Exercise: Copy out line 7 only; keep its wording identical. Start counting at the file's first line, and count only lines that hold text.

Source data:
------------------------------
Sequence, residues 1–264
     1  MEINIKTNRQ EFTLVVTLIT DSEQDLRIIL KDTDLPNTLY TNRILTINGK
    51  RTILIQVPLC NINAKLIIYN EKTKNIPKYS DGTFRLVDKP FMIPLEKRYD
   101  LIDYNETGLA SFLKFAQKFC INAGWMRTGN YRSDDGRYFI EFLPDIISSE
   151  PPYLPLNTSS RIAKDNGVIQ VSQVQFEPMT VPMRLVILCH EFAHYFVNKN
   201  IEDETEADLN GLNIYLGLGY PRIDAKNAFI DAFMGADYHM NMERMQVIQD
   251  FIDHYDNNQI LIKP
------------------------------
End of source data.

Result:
   251  FIDHYDNNQI LIKP